Sipuleucel-T Helps ADT Boost Prostate Cancer Immunity

Beth Fand Incollingo @fandincollingo
Published: Thursday, Aug 28, 2014
 Emmanuel S. Antonarakis, MBBCh

Emmanuel S. Antonarakis, MBBCh

Sipuleucel-T (Provenge) is effective when given either before or after androgen deprivation therapy (ADT) in men with biochemically recurrent prostate cancer (BRPC) who face a high risk of developing metastases, a study has found.

The study demonstrated that tumorspecific T-cell responses and broad‐based immune responses were augmented with both strategies, but investigators are still uncertain about which sequence is superior, said lead author Emmanuel S. Antonarakis, MBBCh, assistant professor of Oncology at Johns Hopkins Medicine. The preliminary clinical data, reported in the phase II STAND study, were presented this spring during the annual meeting of the American Society of Clinical Oncology (ASCO), in Chicago.

The results were in direct opposition to those presented at last year’s meeting, Antonarakis said. In 2013, after 2 to 4 weeks of follow-up, investigators concluded that sipuleucel-T was most helpful when administered after ADT. Now, after at least 6 months of follow-up, Antonarakis said, evidence seems to be pointing to sipuleucel-T before ADT as the strategy of choice, although he cautioned that one important test of immune response conflicts with that idea.

“Our conclusion is that the jury is out,” Antonarakis said. “We simply don’t know what all this means. We need to have information about metastasis-free survival before we can determine whether these immune responses that we think might mean something actually mean something. In the next 6 to 12 months, we’ll present mature data on PSA [prostate-specific antigen] progression and metastasis-free survival in these patients, none of whom had evidence of metastatic disease when they enrolled.”

He added that “We do studies to figure out and confirm or dispel our preconceived hypotheses, and this is an important lesson about having long-term follow-up and not making conclusions based on a short amount of follow-up.”

The STAND study was the first to look at the combination of sipuleucel-T and ADT in patients with no metastases; the patients all were hormone therapy-naive, Antonarakis said.

Sipuleucel-T is an autologous cellular immunotherapy targeting prostatic acid phosphatase (PAP), approved by the FDA for the treatment of patients with asymptomatic or minimally symptomatic metastatic castration-resistant prostate cancer. The investigators studied the drug in men with BRPC because these patients have a low disease burden and minimal immune tolerance. The authors noted that ADT has been shown to enhance anti-tumor immunity and augment the effects of cancer immunotherapies.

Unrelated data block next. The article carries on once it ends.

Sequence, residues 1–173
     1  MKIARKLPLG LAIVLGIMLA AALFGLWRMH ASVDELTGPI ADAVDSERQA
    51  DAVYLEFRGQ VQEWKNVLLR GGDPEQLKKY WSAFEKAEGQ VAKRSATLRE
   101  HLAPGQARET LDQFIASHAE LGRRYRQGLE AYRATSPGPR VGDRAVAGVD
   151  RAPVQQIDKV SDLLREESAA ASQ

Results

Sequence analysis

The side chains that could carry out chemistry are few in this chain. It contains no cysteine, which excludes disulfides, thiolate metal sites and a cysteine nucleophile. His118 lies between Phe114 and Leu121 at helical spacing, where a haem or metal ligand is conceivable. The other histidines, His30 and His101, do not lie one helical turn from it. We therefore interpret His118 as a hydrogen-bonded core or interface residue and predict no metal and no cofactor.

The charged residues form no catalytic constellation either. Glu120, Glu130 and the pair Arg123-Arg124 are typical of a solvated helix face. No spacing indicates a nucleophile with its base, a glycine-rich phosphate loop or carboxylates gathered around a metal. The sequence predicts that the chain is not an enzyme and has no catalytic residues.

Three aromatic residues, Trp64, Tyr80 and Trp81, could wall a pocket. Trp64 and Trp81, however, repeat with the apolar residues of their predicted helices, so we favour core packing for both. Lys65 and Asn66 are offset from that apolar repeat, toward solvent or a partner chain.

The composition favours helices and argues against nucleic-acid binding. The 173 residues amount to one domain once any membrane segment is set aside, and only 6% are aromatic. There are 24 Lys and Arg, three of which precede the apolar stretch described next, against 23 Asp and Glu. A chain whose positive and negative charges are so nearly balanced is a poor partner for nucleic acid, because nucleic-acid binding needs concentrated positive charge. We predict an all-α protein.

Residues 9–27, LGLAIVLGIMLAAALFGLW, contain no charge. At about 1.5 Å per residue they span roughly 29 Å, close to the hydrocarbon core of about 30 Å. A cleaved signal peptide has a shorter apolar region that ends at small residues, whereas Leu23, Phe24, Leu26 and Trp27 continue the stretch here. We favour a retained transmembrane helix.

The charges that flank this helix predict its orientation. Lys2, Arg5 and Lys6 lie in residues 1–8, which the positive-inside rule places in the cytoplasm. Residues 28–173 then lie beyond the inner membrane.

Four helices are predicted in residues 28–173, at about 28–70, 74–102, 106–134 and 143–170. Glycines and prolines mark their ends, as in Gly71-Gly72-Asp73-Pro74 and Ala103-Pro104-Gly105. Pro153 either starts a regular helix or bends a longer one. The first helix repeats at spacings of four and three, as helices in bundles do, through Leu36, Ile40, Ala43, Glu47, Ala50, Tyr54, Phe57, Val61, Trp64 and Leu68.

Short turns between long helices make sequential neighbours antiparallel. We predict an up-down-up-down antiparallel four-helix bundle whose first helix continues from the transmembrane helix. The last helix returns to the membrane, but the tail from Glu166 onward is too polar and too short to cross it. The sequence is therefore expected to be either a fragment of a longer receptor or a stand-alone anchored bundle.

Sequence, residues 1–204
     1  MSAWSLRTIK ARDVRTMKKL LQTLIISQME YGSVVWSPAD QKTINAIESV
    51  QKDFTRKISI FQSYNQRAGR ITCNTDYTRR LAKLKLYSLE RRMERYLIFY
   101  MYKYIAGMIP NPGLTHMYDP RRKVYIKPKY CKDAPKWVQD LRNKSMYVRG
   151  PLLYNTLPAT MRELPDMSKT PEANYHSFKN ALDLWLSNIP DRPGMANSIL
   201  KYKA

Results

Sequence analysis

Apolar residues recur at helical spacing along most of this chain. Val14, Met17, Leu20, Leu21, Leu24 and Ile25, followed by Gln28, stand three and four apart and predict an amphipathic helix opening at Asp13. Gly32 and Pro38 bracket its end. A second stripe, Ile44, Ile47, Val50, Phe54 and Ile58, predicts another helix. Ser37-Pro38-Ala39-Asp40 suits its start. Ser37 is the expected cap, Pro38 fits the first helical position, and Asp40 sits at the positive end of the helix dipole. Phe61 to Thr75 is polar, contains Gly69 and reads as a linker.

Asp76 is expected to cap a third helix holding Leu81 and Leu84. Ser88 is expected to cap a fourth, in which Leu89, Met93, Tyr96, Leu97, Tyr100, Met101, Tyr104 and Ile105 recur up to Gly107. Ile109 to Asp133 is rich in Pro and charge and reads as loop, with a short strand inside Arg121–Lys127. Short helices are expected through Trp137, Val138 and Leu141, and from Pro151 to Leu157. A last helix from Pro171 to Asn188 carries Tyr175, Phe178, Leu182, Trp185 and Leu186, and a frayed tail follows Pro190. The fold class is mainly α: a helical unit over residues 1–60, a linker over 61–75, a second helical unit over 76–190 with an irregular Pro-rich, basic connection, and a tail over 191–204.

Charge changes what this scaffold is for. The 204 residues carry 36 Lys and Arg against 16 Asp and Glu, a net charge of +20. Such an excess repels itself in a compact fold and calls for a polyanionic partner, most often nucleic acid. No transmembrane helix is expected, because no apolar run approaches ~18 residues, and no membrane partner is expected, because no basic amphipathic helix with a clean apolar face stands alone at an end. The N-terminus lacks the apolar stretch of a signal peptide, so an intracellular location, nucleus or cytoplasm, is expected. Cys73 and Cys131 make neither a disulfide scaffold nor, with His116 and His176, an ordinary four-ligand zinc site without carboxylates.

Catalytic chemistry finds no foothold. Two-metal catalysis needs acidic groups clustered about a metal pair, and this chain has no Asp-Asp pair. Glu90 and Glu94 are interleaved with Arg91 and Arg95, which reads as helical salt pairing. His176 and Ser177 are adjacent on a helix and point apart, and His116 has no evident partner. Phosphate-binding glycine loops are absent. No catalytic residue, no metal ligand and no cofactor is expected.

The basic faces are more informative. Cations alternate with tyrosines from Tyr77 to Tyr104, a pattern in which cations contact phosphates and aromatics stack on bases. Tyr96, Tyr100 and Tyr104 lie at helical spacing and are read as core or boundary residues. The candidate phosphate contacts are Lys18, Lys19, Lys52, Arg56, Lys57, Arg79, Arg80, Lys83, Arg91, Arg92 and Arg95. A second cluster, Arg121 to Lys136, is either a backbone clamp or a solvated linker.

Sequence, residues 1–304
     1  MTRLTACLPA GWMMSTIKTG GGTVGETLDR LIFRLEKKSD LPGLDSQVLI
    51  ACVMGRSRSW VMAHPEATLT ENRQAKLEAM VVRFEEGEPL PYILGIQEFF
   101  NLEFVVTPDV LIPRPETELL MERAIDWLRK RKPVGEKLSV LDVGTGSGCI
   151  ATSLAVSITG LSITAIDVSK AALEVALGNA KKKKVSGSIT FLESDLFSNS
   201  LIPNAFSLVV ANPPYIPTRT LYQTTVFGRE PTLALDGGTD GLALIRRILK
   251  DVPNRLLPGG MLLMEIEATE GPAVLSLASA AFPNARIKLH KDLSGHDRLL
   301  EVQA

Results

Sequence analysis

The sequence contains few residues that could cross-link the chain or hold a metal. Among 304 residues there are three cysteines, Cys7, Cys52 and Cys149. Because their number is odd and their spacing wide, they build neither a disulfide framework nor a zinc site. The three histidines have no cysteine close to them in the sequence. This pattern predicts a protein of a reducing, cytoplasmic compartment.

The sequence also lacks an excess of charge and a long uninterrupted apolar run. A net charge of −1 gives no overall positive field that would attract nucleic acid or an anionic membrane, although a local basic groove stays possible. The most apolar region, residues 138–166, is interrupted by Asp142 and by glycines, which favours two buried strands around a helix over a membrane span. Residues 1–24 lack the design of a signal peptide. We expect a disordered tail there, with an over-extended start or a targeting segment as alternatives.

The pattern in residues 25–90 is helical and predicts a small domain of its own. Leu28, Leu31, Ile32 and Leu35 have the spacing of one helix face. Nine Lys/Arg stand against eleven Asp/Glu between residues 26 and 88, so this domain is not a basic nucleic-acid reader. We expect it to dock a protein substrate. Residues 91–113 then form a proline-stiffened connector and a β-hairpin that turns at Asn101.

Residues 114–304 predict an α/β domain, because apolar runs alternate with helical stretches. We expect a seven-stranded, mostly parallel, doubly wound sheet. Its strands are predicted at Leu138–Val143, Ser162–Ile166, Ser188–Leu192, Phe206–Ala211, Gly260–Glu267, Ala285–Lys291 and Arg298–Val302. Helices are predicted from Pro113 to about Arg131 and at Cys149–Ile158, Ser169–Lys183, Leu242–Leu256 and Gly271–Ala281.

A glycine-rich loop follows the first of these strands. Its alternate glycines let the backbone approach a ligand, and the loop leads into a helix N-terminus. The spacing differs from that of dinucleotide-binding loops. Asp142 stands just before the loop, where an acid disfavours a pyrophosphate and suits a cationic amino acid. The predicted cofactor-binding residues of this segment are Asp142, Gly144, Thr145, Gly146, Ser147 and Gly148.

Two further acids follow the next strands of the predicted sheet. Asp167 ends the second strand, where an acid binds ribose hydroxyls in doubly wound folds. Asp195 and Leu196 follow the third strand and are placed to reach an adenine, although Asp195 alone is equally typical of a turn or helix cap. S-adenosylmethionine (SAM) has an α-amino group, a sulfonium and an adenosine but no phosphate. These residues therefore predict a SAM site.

In the trial, 68 men with testosterone ≥200 ng/mL, a PSA doubling time of ≤12 months, and no metastases were randomized 1:1 to receive sipuleucel-T first, followed by ADT starting 2 weeks after the third dose of the immunotherapy (arm 1), or sipuleucel-T initiated after 3 months of ADT (arm 2). In all, the men received 3 doses of sipuleucel-T and 12 months of the ADT leuprolide (Lupron). The primary endpoint was cellular immune response to target antigen PA2024 measured via the ELISPOT test, the authors wrote. Secondary endpoints included humoral and cytokine responses, product parameters, clinical efficacy, and safety, they said.

The data they reported at ASCO comprised results for 65 men followed for 9 months or more after their final injection of ADT. In arm 1, which started treatment with sipuleucel-T, 10 of 32 men, or 31.3%, achieved undetectable prostate-specific antigen (PSA) (<0.02 ng/mL) and testosterone (<0.35 ng/mL) 9 months after their last ADT injection, the investigators reported in an abstract. In arm 2, the cohort that started treatment with ADT, 14 of 33 men, or 42.4%, achieved those goals in the same time period, the authors reported in the abstract, noting that 4 men in the 65-patient evaluable group developed PSA progression.

“We looked at T-cell responses using ELISPOT, which tells you how many activated CD8-specific T cells you have in response to a vaccinating antigen, in this case PA2024. It turned out that, with a follow-up of 6 months, T-cell responses as measured by ELISPOT in patients who got sipuleucel-T first and then ADT were better,” Antonarakis said. “The second thing we did was to look for antibodies against PA2024 using an ELISA test. At 15 months of follow-up, antibodies against PA2024 were higher in patients who received the sipuleucel-T first, which seems to suggest that sipuleucel-T before hormonal therapy was better, although that is the opposite of what we reported a year ago. The third thing we looked at was cytokines, proteins that immune cells make, and, surprisingly, they were higher in patients who received hormonal therapy first.”

Even without knowing which works best, Antonarakis emphasized that the study demonstrated that either sequence will work to increase the anti-tumor immune response in this population of patients.

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35th Annual Chemotherapy Foundation Symposium: Innovative Cancer Therapy for Tomorrow® Clinical Vignette SeriesJan 31, 20192.0
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